In this article I’m going to describe the way I use LoopBack’s authentication service in connection with an AngularJS app on client side. While primarily based on the LoopBack getting started intermediate tutorial, I tried to merge in John Papa’s style guidelines as well as a few other blog posts on the matter.
LoopBack offers a flexible system to build an authentication system that suits the demands of your application. The documentation on Users, Roles, RoleMappings, ACLs etc. is quite comprehensive , so I don’t feel like there is a lot to add on this side. AngularJS will use the automatically generated services in lbServices.js to communicate via the REST API.
Of course, everything we are going to do here is providing a nice user experience by hiding routes and endpoints the current user has no access on. Since all code can possibly be altered by the client, essential security measures are to be taken on server side.
As LoopBack already offers a solid groundwork, the only real addition is a broadcasting system offering authentication status changes so that all parts of the application can adapt to new situations accordingly. I picked up a lot of ideas from a wonderful article by Gert Hengeveld in which he introduces a broadcasting system based on constants for the respective authentication states. Angular’s broadcast system is a controversy topic and according to the widely recognized Angular Style Guide by John Papa , we should avoid using it at all. However, while I see the risks of event-spamming if we talk about inter-controller communication, an authentication state broadcasting system is probably the only case where I opt for Angular events.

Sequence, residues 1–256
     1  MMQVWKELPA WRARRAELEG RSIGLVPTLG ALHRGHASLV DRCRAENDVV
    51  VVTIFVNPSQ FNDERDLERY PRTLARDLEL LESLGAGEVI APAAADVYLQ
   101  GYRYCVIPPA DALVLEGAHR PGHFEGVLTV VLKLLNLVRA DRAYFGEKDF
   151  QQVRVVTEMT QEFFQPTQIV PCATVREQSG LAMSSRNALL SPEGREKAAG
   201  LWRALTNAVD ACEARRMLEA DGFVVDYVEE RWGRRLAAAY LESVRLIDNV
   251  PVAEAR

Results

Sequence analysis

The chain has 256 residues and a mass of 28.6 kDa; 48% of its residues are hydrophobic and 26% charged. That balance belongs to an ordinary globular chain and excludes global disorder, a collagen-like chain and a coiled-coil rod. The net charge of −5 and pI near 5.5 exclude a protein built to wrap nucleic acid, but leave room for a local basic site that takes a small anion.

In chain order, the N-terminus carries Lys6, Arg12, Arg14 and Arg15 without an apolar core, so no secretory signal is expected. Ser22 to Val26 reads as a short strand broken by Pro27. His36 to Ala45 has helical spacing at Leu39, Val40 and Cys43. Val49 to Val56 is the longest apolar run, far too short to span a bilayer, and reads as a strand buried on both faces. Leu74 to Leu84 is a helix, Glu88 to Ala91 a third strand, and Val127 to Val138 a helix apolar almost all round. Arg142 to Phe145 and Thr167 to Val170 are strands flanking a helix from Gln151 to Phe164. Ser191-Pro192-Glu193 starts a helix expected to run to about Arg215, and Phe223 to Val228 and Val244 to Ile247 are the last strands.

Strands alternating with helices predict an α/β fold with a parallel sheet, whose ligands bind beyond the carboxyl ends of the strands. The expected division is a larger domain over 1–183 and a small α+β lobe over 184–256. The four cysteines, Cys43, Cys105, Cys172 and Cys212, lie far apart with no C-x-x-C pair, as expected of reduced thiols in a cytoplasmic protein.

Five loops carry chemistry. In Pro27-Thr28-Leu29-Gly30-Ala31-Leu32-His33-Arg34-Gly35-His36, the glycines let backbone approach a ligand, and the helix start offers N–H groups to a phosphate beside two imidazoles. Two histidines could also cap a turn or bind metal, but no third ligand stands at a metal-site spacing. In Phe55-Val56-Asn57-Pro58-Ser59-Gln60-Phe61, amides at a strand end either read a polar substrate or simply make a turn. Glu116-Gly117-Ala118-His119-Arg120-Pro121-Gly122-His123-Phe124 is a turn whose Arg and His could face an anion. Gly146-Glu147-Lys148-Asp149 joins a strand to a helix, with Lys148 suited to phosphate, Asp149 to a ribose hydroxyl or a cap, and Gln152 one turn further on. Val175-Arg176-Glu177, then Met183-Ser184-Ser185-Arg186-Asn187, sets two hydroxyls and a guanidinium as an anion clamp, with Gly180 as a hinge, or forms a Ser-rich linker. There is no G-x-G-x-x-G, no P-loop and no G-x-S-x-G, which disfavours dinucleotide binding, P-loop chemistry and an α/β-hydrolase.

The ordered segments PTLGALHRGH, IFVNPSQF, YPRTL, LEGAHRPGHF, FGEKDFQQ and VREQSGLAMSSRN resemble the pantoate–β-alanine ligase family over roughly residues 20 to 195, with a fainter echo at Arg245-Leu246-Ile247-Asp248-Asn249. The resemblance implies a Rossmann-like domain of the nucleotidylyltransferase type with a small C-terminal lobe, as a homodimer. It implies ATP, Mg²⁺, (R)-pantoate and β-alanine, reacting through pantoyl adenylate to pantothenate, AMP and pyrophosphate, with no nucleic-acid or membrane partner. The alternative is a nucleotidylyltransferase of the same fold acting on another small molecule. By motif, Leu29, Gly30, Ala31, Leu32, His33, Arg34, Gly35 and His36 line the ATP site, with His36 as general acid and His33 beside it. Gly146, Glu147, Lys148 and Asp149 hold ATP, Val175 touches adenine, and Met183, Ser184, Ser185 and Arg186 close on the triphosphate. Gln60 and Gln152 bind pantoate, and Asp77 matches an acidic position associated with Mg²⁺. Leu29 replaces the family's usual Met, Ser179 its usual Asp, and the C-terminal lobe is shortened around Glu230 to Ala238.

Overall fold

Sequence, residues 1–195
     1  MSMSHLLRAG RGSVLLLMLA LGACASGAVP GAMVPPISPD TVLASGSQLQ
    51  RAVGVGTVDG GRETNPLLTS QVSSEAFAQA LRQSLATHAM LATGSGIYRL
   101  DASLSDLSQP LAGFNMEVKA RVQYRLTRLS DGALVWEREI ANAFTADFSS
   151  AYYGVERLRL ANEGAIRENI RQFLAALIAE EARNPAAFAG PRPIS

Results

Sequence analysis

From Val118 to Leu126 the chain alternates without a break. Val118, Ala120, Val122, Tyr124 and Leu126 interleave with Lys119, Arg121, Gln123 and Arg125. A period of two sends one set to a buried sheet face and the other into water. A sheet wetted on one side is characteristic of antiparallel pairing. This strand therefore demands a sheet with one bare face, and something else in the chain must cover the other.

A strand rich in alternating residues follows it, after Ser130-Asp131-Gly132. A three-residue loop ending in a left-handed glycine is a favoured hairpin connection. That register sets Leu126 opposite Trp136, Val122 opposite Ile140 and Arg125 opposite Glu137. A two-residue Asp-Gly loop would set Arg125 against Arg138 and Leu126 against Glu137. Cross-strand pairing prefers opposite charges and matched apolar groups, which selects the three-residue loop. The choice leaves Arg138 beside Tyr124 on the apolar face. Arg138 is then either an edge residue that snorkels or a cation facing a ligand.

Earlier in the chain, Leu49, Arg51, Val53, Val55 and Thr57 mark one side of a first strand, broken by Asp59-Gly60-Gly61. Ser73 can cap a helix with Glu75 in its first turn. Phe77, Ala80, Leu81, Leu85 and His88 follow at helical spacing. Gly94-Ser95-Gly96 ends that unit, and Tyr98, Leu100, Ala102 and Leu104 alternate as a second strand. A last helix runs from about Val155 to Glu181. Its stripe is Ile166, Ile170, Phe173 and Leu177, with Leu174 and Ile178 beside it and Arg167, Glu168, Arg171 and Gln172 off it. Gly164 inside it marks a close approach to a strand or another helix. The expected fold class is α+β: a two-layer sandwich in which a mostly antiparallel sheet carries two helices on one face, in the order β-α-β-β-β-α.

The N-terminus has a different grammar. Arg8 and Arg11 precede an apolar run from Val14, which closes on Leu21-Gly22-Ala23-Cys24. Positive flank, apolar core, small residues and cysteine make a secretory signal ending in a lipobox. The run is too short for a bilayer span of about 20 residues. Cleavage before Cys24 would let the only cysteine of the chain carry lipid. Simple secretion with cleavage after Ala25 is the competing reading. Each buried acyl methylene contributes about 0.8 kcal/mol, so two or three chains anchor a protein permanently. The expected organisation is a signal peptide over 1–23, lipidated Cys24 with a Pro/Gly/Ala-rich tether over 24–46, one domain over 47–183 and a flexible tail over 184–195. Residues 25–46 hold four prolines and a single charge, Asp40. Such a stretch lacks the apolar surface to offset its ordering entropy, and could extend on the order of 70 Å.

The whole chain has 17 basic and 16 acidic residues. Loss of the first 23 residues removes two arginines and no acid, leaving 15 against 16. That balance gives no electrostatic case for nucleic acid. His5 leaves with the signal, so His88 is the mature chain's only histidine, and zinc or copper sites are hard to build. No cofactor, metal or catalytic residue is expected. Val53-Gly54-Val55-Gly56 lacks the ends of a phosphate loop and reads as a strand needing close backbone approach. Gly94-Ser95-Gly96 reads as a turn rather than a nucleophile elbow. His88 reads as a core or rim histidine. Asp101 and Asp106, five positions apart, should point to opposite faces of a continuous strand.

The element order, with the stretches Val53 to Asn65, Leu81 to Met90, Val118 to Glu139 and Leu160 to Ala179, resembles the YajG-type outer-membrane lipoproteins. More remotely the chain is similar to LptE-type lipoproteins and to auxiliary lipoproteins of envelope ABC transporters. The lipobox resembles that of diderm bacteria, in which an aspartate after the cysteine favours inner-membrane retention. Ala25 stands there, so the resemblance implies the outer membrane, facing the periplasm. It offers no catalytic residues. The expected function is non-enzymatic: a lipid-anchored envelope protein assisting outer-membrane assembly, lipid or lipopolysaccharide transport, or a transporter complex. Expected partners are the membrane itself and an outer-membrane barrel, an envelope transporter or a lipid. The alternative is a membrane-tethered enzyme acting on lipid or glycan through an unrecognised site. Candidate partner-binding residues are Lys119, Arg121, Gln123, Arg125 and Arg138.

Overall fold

The basic idea is that whenever a call to
authService is made, we make sure to publish all relevant state changes using Angular broadcasts. These are, among others you might find useful in your application,
The following diagram is showing dependencies between the components in the discussed authentication-state broadcasting system. The dashed lines are injects.
Next, I tried to model a basic procedure where a user submits the login form and gets redirected to the application’s main page. Since the user is authenticated after that, the menu bar has to show differing items and maybe include the user name in the upper right corner. The diagram below shows all that.